Unconventional Simpsons make for successful show

By Sean Leary

Could you imagine Ward Cleaver using a blow dryer to brush away the Beaver’s tears? How about Bobby Brady using a secret spy camera to take pictures of Dad with an exotic dancer at a bachelor party? Or Mr. French walking around the apartment in his underwear on Family Affair?

These situations, although amusing, would be difficult to find on most “traditional” family shows, but not “The Simpsons.”

The preceeding situations, and many more, have appeared on “The Simpsons,” a Fox Broadcasting show which airs on Sunday evenings at 7:30.

In addition to the peculiar situations and storylines, another unique quality is the show’s animation. Animation has usually been typecast as a “kiddie” medium, and has been very rarely used to appeal to a more mature audience.

“The Simpsons” has redefined and expanded those former boundaries. The show has become the first hit prime time animated show since “The Flintstones,” even though the two are light years apart in context, tone and style.

The mastermind behind “The Simpsons” is Matt Groening, a cartoonist formerly best known for his “Life In Hell” comic strips.

Groening took the inspiration for his characters from real life situations. Even without dialogue, Groening’s gross caricatures and exaggerated homeliness in his drawing makes his show hilarious.

Taking full advantage of the animated format, Groening warps expressions in ways no live actor could even try to duplicate.

The show’s strongest point, however, lies in its writing which presents us with a cast of lovable losers placed in honest, everyday situations.

It’s this blunt candor, the unpretentiousness of the characters and the wicked satire that strikes such a chord with most fans.

The show’s patriarch, Homer (named after Groening’s own father) Simpson, doesn’t claim to know all the answers, and really isn’t sure of all the questions. He is basically a dopey beer-bellied guy who works a menial job in a nuclear power plant.

Homer’s wife Marge is a simple, beehived housewife who passively looks out for her children and husband as best as she can.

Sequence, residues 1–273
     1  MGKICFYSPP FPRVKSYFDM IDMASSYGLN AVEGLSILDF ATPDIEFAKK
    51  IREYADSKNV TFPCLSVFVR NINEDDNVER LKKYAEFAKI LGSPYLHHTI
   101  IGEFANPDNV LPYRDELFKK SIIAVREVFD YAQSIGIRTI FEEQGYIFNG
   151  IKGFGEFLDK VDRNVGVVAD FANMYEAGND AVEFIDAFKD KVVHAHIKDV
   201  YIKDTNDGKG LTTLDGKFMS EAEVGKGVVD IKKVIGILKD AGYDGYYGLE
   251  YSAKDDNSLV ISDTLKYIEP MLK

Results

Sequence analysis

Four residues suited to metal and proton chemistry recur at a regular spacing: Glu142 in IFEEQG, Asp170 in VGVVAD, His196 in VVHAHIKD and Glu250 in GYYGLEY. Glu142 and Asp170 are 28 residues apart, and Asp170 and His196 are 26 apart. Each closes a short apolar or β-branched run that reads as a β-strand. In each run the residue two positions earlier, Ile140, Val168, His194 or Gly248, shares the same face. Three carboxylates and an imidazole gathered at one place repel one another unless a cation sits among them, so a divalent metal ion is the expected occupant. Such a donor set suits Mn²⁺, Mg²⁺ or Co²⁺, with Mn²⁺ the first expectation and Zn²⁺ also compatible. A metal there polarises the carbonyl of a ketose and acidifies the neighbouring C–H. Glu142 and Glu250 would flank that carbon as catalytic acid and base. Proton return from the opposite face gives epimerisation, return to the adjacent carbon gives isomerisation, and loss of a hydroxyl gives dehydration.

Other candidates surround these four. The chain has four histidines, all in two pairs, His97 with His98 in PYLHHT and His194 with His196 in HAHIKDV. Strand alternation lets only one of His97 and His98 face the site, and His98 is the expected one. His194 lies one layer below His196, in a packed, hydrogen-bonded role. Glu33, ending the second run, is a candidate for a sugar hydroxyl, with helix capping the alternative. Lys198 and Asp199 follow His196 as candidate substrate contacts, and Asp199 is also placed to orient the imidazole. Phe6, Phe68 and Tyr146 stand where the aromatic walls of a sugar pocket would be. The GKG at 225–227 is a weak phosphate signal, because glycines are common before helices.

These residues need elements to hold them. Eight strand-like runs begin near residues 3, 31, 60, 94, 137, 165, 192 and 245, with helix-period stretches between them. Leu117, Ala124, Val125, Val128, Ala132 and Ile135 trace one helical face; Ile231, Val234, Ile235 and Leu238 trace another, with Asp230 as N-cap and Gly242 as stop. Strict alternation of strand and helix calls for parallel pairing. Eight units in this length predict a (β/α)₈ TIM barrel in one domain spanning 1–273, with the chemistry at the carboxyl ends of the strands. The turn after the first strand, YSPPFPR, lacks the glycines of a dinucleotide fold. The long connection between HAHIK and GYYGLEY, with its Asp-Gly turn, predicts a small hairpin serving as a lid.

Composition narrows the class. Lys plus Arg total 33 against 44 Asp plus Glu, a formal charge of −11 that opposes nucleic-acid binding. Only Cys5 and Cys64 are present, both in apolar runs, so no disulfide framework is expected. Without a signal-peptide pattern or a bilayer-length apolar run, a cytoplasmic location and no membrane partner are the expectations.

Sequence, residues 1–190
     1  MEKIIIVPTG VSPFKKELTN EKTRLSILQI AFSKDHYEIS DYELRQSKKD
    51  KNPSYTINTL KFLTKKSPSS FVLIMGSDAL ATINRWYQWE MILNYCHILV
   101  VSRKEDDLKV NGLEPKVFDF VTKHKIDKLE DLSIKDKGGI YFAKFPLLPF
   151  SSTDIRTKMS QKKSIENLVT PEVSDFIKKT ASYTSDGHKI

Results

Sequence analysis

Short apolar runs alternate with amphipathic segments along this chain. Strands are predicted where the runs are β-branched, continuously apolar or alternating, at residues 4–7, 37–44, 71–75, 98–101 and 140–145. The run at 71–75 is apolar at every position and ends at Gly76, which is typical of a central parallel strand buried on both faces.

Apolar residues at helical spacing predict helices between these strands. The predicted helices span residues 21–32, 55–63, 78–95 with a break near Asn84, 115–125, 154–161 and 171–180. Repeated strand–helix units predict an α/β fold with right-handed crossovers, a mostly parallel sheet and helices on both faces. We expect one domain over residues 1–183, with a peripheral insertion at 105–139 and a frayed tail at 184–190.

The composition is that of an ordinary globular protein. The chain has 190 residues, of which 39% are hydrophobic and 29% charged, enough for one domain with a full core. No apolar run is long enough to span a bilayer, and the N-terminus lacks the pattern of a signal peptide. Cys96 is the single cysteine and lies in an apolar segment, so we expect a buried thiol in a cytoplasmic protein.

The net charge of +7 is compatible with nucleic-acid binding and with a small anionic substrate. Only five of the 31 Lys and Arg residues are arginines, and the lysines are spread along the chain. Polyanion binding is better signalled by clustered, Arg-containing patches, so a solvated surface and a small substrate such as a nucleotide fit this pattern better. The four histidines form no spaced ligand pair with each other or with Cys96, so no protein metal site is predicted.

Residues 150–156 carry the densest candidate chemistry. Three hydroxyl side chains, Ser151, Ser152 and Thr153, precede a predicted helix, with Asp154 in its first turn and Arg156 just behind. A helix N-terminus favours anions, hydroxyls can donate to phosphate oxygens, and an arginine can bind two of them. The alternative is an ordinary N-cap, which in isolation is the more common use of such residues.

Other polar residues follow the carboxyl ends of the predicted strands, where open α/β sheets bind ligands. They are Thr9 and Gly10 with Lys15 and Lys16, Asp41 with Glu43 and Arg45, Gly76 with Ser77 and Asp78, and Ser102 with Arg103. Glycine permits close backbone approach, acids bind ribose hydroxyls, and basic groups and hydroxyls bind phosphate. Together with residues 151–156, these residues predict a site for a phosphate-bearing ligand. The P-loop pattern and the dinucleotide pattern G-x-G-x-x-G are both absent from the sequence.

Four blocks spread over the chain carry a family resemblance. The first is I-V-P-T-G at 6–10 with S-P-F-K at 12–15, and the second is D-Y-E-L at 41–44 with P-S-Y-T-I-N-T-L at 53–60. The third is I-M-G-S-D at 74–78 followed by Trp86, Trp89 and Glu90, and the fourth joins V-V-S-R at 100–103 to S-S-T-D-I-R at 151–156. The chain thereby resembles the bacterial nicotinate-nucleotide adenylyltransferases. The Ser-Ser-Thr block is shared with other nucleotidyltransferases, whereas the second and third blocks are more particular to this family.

Their son Bart is probably the show’s most popular and identifiable character; a rambunctious troublemaker who can be easily compared to any current or former TV smart-alec.

Lisa, their eldest daughter, is the only semblance of raw intelligence and couth in the family but is refreshingly non-precocious. She’s most likely the first smart kid on a TV sitcom that the average viewer wouldn’t love to slap around for awhile.

And then there’s Maggie, a bug-eyed, pacifier-sucking toddler who, (during one episode) when asked whether she loved Bart or Lisa more, walked over and hugged the TV.

It is this quick-witted satire of the mundanity of American life that is captured so well on “The Simpsons.” The show hits upon contemporary issues and morals in such a matter-of-fact way that the viewer doesn’t feel bludgeoned by it.

In a recent episode, Homer recited “The Code Of The Schoolyard” to Bart which included; 1) Don’t tattle, 2) Always make fun of those different from you, and 3) Never say anything unless you’re sure everyone agrees with you. They’re funny when first heard and poignant when thought upon.

It’s only upon revealing truths or exaggerating them that comedy is built, and anyone who has read “Life In Hell” or Groening’s book series, “Love is Hell,” “Work is Hell,” “School is Hell,” etc., knows all too well that his finger rests (albeit slightly off center) upon the pulse of life’s absurd truths.

“The Simpsons” offers us a show that’s hip without trying to be, which places it about 500 leagues above anything else on TV. In this yuppie saturated age of “wink-wink, nudge-nudge,” aren’t-I-in-touch-with-the-youth writers, this approach is well received.

Another possible reason for this show’s popularity is that the humor is base and accessible enough for children, but the adults will catch the sophistication of its satire and commentary.

As the funniest new show, and the funniest show on TV right now, “The Simpsons” is growing rapidly in popularity and hopefully will be around for a long run.

If you haven’t yet caught it, watch it this Sunday—one episode and you’ll be hooked, dude.